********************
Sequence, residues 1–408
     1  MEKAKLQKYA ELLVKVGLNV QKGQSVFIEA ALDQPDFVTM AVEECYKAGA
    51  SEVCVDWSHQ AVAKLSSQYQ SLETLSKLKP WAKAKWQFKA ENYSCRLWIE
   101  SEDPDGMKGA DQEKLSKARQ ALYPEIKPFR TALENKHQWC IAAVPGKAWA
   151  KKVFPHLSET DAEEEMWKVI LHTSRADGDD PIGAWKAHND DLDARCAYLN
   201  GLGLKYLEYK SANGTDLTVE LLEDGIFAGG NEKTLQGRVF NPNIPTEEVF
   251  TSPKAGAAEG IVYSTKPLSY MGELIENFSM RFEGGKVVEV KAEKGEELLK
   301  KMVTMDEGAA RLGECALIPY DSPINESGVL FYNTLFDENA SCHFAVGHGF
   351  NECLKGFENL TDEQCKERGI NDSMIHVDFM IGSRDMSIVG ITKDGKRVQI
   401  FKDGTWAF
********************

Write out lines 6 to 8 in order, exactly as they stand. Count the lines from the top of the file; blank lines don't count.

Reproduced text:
   201  GLGLKYLEYK SANGTDLTVE LLEDGIFAGG NEKTLQGRVF NPNIPTEEVF
   251  TSPKAGAAEG IVYSTKPLSY MGELIENFSM RFEGGKVVEV KAEKGEELLK
   301  KMVTMDEGAA RLGECALIPY DSPINESGVL FYNTLFDENA SCHFAVGHGF